|P a g e a n t N e w s B u r e a u|
|PNB's first feature (below) about the Miss Gay Metropolitan Tokyo Pageant got plenty of response. And admittedly, we invited that response. We wanted to know what you thought about coverage of gay pageants, and we found out. The interchange of ideas was among the most provocative in the history of pageant journalism. And to answer the main question first, yes, we will cover gay pageants, just as we cover other pageants.|
I commend you for publishing a news piece regarding the newly crowned Miss Gay Metropolitan Tokyo. It's about time that a mainstream pageant news site featured a social event that is quite rampant among pageant lovers, especially within the gay community.
Gay pageants are not any different from "normal" pageants, since everyone involved in both pageants seeks to promote beauty, entertainment, arts, culture, diplomacy, friendship, business and a particular cause. In theory, gay pageants are far more challenging since it requires the special skill of concealing one's natural anatomy and then making it appear as that of a female body. Gay pageants offer real theatricality - with humor, drama, intrigue, exaggeration and suspense - things that are not usually found in a traditional pageant.
You should continue reporting gay pageant news for three reasons: first, the artistic component of pageant shows is predominantly controlled by gay people (I really do believe that gay men in particular are born with a highly developed sense of beauty!) Second, by mentioning gay-related news, you will be making more friends and supporters from the gay community (yes, there are pageant-loving gay millionaires!) And third, beauty comes in all forms and persuasions. I believe you have already featured beauty contests for overweight women, for married women, for short women, for "straight" men, and for grandmothers. Why start promoting discrimination by excluding gay pageants, some of whose participants look better than most of this year's Miss Universe contestants?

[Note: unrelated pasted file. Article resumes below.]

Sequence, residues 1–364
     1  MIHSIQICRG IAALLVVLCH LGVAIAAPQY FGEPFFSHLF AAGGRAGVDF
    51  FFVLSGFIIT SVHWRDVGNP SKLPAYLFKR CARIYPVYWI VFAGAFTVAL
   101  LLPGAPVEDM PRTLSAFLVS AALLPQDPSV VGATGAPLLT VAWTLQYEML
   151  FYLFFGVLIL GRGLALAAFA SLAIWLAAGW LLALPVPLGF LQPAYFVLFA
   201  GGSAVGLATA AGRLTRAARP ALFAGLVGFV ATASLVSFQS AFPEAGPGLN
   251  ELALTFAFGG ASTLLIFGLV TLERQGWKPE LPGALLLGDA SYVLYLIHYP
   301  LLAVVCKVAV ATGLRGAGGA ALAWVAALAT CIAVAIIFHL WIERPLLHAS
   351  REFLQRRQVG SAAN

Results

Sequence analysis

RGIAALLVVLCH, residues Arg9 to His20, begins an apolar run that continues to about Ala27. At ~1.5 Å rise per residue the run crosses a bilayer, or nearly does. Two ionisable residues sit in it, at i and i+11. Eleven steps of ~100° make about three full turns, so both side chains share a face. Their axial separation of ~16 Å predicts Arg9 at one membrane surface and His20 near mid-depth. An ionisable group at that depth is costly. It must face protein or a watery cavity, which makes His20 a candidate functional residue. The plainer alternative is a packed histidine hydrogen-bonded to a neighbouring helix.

Keep up the good work!
Rafael Robert Delfin, creator and Webmaster
Congratulations! PNB leads the way again. You are so much braver than all those "respectable" pageant people. They wave the flag and quote the Bible in public and then gossip and trash-talk and do everything else in private.
I still don't believe homosexuality is right. I'm not being a "bigot." I just believe in what people have believed in for thousands of years. It's traditional morality. I know it's not just homosexuality, either. Morality is out the window even in pageants, people having affairs, and some of the "swimsuit" pageants are really just about nudity. Mothers with daughters know what I mean.
Throughout the years, I have greatly appreciated the informative updates that pageant.com has provided. The staff and contributors have done an excellent job since its inception. The primary focus and goal is providing pageant information, regardless of what type of pageant it may be, from coverage of the biggest pageants (Miss Universe/World), to the oldest (Miss America) and everything in between. Although I have never heard of Miss Gay Metropolitan Tokyo, it is nonetheless a pageant and therefore warrants coverage. Thank you for your continued coverage and keep up the excellent work!
I think your open-mindedness is refreshing. If you wish to cover non-traditional pageants, by all means, go for it. After all you are a NEWS site......